Kathy: Kate McKenzie is an organizational expert. Do you follow in her footsteps. Is your home organized?
RA: My home stays as organized as it can be with an active family, but there’s always room for improvement. I do many of the things I have Kate discuss in the book, like let the people who helped make the mess help clean it up. My family has always had weekly cleaning nights on Thursdays, and with everyone working a couple of hours we can have everything completely done and not have to worry about cleaning over the weekend.
But I am the “finder of all lost things,” since I’m the one who automatically picks up wayward objects as they are left in the house and puts they back where they belong. Part of this is being a mom, and part is just the fact that one of my biggest pet peeves is to really need something and not be able to find it. I don’t necessarily have a “place for everything and everything in its place” but I do always know which drawer, cabinet, or room an item should be in at any time.
Kathy: What's Kate's best tip for collectors and other pack rats?
RA: Probably the one I mention in her task note at the very beginning of Chapter One. The memo reminds Kate of what she needs to discuss with her newest client, Amelia Nethercutt. Kate writes, “since she’s a collector, offer the ‘One-In/One-Out Rule’ so if she buys something new, she must throw out an item it is replacing.” If it’s too good to throw away, give the old item to someone who can use it, or donate it and take a write-off.
And on a related note to donations, my best friend is a CPA, and she told me a great trick I use all the time. Before she buys anything new, she always figures out how many hours she has to work to pay for the item—with after-tax dollars. Once she figures that out, she often puts back a collectible or anything else that doesn’t justify for her the hours she has to spend behind her desk to meet its price. I’ve used this tip many, many times to truly decide if I wanted to take an item from the store to my home.
Kathy: I understand that you enjoy spending time in the art world. Do you have a favorite period? Who is your favorite artist?
RA: Yes, I write two mystery series, and the Bodies of Art Mysteries feature an art recovery expert as my main protagonist. If I had to choose a favorite period of art, I would probably have to say the impressionists because of the calm feeling I get from the works of Monet and Renoir, and the farm scenes about the same time by Corot. But at the same time I can spend hours looking at amazingly detailed renaissance period work by Caravaggio, Raphael and Titian. Luckily, with the series I write, I don’t have to choose. Art is such a broad category, and my character works to recover everything that any museum considers priceless--all to keep art available to the public. She has a high and exciting mission, and I just hang on and enjoy the ride.
Kathy: What first drew you to cozy mysteries?
RA: A favorite aunt gave me my first Trixie Belden book when I was in 4th grade. While those aren’t truly cozies, they have the amateur sleuth angle and the inclusive community covered pretty well. So by the time a family friend left behind an Agatha Christie when she visited a couple of years later, I fell right into Miss Jane Marple’s world and never looked back. I was hooked on American authors like Katherine Hall Page and Carolyn Hart as soon as they started their series in the mid-1990s, and I’ve lost count on all the cozy authors I read every year.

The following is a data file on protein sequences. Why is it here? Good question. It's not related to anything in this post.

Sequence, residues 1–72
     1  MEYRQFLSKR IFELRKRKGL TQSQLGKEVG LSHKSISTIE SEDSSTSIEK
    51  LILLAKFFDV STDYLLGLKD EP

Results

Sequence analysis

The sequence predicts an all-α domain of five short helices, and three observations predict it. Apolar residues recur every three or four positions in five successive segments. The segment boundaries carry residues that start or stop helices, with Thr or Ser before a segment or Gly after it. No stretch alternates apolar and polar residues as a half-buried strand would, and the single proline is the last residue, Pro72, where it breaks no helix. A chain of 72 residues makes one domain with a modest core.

Kathy: Do you write in any other genres?
RA: My first book Counterfeit Conspiracies is considered a mystery, but not a cozy, because it moves from Italy, to London, then to France and back to London. But I’m pretty settled on the mystery genre. I’m a voracious reader, and devour whatever books interest me, but when I write it always seems that mystery takes the forefront.
Kathy: Tell us about your series.
RA: The Bodies of Art Mysteries start with Counterfeit Conspiracies, which is a wild, fun, fast-paced ride with a lot of plot twists and turns, great settings, and witty banter. I have two characters who are tops in their fields, but have their own flaws to work through the series story arc, and must save art from disappearing at the same time.
In the Organized Mysteries, Kate McKenzie is starting a new business in a new town, while her husband transitions into a new career, and they raise twin six-year-old daughters. Kate stumbles into mysteries related to her business, and solves crimes because she has to, not because she’s nosy.
Kathy: Do you have a favorite character? If so, who and why?
RA: I would love to have Laurel Beacham’s life, but it would likely exhaust me. The character I most relate to is Meg Berman, Kate’s neighbor and sidekick in the Organized Mysteries. Where Kate is careful and works more inside the box, I tend to process things pretty quickly, like Meg, and figure out just how to get the job done. I sometimes don’t even see the box sides at all.